And by the looks and sounds of things it doesn’t seem like the seminaries — at least here in Rome and in most places in the United States — offer much hope of changing that any time soon.

The Pontifical North American College here in the Eternal City is but one example. I have some familiarity with the place, since I was a seminarian there from 1986 to 1988 before discontinuing studies for the priesthood. Friendships I made with some very fine people — some who are now ordained (several as bishops), others who have left the active ministry — does not alter my strong conviction that, like most other seminaries, it is built on an inadequate model and mentality for preparing parish priests for today.

For a long time NAC held the distinction for having one of the worst early attrition rates among all American seminaries. It is difficult to locate records that the bishops are not particularly proud of, but it is said that an unusually high number of NAC alumni leave the priesthood shortly after ordination compared to those from other seminaries.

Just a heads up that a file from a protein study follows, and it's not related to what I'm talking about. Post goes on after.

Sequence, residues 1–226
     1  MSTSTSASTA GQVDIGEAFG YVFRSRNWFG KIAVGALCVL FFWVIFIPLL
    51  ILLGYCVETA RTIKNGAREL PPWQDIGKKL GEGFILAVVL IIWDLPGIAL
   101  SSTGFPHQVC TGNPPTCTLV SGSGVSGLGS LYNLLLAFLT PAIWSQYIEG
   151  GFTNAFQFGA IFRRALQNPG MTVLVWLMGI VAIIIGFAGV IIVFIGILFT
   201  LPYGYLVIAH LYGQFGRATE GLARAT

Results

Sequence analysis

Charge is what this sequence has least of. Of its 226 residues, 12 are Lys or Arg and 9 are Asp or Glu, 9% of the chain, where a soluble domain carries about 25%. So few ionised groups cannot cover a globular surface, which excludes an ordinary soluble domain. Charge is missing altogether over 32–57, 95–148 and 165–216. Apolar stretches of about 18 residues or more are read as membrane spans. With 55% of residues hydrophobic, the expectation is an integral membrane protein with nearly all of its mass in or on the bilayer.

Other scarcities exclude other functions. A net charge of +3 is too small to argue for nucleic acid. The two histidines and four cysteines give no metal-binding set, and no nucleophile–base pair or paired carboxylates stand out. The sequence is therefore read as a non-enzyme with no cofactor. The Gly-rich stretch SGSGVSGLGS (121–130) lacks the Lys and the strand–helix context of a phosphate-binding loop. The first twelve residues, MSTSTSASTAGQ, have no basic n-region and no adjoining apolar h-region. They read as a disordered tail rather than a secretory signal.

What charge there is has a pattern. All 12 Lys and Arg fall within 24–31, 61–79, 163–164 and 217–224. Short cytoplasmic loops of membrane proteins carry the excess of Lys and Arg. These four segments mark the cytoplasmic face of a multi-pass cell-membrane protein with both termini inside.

That is not exactly a badge of honor for an institution that has come to epitomize and is designed to perpetuate the type of episcopal leadership and model of church that has emerged over the past three decades with the increasingly conservative U.S. hierarchy.

After all, it is under the authority of a board of governors and the U.S. Conference of Catholic Bishops. Its current chairman is Archbishop John Myers, the Opus Dei-affiliated Archbishop of Newark. Bishops, cardinals and wealthy donors are frequent guests at the college. When now-Cardinal Timothy Dolan was rector (1994-2001) he added a number of suites and apartments exclusively for their use. “NACkers,” as the residents are called, are used to the constant presence of princes of the church and movers and shakers in the world.

The NAC was established in 1859, back in the reign of Pius IX, when a handful of students lodged in a modest building near the Trevi Fountain. Since the 1950s it has been situated on the Janiculum Hill where it enjoys a commanding view of St Peter’s Basilica and the Vatican, looking in one direction, and a spectacular panorama of the entire city of Rome, facing the other way.

The “new” place was purposely designed big and brash (built in the blocky Fascist architecture) to show the Holy See and the rest of the Catholic world that the young American Church had money and could hold its own.

“It’s not home, but it’s much,” we used to say.